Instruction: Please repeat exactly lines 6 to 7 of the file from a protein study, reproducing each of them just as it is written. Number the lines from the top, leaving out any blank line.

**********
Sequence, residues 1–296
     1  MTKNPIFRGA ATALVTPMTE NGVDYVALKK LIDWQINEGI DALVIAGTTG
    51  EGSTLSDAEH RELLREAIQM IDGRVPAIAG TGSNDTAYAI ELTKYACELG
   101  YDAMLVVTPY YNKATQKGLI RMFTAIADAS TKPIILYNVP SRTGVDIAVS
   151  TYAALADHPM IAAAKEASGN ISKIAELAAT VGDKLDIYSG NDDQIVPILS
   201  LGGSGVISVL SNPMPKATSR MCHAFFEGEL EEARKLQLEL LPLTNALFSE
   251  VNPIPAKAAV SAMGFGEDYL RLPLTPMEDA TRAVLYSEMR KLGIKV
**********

   201  LGGSGVISVL SNPMPKATSR MCHAFFEGEL EEARKLQLEL LPLTNALFSE
   251  VNPIPAKAAV SAMGFGEDYL RLPLTPMEDA TRAVLYSEMR KLGIKV